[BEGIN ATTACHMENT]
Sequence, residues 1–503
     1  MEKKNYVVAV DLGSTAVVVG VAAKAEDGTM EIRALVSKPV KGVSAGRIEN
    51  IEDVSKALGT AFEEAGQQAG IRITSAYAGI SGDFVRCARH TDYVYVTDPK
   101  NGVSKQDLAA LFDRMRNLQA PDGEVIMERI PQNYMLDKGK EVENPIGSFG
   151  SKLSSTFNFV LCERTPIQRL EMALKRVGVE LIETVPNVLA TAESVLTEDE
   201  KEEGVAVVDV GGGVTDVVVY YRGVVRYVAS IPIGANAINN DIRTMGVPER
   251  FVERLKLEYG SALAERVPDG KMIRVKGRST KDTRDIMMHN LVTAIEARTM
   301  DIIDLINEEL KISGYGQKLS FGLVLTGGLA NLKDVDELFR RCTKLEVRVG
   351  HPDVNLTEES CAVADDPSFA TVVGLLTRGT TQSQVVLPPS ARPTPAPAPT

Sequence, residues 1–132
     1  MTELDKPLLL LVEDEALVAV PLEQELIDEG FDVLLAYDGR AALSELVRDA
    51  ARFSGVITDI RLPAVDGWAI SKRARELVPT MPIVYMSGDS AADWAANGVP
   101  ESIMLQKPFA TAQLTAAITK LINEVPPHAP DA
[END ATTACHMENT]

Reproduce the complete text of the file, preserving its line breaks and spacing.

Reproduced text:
Sequence, residues 1–503
     1  MEKKNYVVAV DLGSTAVVVG VAAKAEDGTM EIRALVSKPV KGVSAGRIEN
    51  IEDVSKALGT AFEEAGQQAG IRITSAYAGI SGDFVRCARH TDYVYVTDPK
   101  NGVSKQDLAA LFDRMRNLQA PDGEVIMERI PQNYMLDKGK EVENPIGSFG
   151  SKLSSTFNFV LCERTPIQRL EMALKRVGVE LIETVPNVLA TAESVLTEDE
   201  KEEGVAVVDV GGGVTDVVVY YRGVVRYVAS IPIGANAINN DIRTMGVPER
   251  FVERLKLEYG SALAERVPDG KMIRVKGRST KDTRDIMMHN LVTAIEARTM
   301  DIIDLINEEL KISGYGQKLS FGLVLTGGLA NLKDVDELFR RCTKLEVRVG
   351  HPDVNLTEES CAVADDPSFA TVVGLLTRGT TQSQVVLPPS ARPTPAPAPT

Sequence, residues 1–132
     1  MTELDKPLLL LVEDEALVAV PLEQELIDEG FDVLLAYDGR AALSELVRDA
    51  ARFSGVITDI RLPAVDGWAI SKRARELVPT MPIVYMSGDS AADWAANGVP
   101  ESIMLQKPFA TAQLTAAITK LINEVPPHAP DA